With politics heating up in the US of A, I was reworking my joke about Ralph Nader promising to bring back the Corvair if elected. But apparently, he’s not running for president this time. In any event, I came across an article about Nader and the Corvair that sheds a new light on his book, the car, and automotive safety. Perhaps he wasn’t such a bad guy afterall.
In the words of Volvo’s founding fathers, “Cars are driven by people. Therefore the guiding principle behind everything we make at Volvo is – and must remain – safety.” I get that … but couldn’t somebody bring back the Corvair anyway?
After three months of work (and too much money) the white 1966 Chevy Corvair 500 coupe got to the point that it was running and drivable. I was able to drive it to work three days last week. But the rattling flywheel was something that would have required more work than I was willing to do. So, last weekend, I sold the car to a young man who had been looking for a good project car. After a careful explanation of the problems and a test drive, Ricardo agreed to purchase the car for a reasonable price.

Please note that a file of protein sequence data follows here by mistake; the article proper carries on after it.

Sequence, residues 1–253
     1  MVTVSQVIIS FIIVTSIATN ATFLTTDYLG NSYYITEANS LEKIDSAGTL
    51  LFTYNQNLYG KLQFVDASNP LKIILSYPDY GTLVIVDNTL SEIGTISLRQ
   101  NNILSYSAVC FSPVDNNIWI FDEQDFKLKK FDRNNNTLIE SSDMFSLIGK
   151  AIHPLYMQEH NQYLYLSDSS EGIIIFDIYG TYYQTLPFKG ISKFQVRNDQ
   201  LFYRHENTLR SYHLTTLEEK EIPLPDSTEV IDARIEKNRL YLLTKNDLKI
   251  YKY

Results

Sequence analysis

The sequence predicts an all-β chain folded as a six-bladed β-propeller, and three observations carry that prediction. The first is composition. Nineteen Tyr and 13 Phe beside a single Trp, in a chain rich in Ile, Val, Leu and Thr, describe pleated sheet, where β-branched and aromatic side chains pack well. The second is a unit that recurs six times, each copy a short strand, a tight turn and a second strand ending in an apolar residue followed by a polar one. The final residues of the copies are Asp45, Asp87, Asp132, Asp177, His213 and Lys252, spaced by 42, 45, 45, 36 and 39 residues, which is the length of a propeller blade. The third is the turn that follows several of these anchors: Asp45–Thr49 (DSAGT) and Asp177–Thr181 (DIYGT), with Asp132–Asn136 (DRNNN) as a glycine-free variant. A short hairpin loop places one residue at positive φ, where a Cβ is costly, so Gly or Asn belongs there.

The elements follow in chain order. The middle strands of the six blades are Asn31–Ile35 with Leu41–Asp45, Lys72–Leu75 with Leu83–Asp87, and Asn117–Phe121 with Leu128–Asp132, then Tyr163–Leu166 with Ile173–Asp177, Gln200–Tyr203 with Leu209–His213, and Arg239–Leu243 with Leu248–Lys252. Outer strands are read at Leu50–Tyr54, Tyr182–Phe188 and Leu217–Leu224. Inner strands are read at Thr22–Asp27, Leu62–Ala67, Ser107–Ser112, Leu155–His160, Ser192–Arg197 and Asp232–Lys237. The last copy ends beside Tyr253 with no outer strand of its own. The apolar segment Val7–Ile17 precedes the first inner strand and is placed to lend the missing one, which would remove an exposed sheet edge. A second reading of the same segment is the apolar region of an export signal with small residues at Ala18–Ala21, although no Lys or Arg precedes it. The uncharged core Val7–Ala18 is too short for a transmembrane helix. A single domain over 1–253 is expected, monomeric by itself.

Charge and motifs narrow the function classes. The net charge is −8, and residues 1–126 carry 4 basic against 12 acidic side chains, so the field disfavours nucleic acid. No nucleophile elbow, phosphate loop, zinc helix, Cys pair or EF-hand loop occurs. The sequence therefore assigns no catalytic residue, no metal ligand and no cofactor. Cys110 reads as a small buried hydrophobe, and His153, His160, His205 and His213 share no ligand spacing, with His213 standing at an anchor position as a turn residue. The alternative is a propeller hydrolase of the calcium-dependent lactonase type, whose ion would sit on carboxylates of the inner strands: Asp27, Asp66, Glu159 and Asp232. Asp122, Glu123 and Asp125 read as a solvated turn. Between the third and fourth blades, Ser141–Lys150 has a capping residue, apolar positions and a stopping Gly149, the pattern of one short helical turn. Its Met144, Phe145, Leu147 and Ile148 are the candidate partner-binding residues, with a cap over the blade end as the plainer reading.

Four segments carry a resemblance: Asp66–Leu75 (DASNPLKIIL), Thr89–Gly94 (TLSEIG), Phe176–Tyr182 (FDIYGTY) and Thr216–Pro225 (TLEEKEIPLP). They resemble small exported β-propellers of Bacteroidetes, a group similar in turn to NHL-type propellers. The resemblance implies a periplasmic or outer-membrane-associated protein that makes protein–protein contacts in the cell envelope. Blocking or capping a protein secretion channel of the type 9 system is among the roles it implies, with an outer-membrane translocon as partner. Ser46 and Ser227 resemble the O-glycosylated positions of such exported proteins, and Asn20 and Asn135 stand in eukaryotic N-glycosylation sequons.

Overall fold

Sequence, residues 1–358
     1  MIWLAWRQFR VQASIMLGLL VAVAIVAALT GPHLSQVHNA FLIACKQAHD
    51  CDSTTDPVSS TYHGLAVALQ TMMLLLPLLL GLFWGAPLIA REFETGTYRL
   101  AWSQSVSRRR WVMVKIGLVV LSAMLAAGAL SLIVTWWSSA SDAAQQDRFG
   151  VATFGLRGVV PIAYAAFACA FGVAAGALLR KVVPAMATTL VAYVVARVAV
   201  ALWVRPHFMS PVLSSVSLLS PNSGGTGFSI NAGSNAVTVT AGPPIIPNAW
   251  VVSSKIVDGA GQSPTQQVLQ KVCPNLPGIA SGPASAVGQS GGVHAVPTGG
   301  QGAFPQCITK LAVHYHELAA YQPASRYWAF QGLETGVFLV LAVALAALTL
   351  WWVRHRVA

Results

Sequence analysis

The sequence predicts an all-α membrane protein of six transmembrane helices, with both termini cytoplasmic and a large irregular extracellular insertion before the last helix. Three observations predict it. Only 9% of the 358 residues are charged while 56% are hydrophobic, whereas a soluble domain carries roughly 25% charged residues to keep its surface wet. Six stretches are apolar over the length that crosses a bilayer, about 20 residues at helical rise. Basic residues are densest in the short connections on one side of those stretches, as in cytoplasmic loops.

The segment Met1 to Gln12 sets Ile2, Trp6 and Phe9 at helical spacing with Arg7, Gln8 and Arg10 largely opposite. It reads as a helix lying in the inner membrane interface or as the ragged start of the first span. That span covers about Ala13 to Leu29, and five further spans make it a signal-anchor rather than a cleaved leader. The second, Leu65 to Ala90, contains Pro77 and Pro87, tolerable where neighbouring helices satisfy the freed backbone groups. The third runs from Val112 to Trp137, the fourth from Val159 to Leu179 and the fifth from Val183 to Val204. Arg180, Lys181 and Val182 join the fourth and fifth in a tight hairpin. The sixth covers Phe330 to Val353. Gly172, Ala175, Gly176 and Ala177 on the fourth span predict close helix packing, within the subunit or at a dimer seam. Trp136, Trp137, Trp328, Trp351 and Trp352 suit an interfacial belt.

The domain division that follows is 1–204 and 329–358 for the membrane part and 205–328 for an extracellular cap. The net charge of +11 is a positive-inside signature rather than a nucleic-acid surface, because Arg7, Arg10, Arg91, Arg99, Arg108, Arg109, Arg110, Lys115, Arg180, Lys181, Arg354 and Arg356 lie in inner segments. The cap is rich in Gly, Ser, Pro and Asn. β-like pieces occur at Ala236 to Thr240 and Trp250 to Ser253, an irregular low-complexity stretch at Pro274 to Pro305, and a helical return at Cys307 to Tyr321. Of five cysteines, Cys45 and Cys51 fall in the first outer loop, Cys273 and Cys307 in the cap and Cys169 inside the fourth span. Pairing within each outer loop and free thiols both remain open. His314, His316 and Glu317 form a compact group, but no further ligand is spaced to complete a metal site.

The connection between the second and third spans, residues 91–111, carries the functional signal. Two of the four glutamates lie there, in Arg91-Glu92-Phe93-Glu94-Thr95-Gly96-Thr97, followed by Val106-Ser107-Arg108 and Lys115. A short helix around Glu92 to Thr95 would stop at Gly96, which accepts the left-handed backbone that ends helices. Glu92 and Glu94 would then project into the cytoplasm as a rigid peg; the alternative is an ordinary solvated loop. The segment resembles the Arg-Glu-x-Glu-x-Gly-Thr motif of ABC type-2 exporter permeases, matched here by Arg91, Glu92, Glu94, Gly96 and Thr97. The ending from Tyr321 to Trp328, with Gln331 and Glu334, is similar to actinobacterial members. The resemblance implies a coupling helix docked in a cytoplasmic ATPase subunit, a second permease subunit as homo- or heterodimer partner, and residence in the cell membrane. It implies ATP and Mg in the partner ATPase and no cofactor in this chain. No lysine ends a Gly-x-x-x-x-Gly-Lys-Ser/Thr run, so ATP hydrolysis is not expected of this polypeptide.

It was with mixed emotions that I watched him drive it away. It was a good looking car and the kids loved it. But it was not a car that I would have driven during the winter. And I’m not one to keep a car in the garage for any extended period of time. Cars are meant to be driven! So, on to the next project. Speaking of projects … once I finish a few projects around the house, I’ll talk things over with the family and see about getting another car — this time a daily driver.
Above: The 5th Grade Class of Mentor Christian School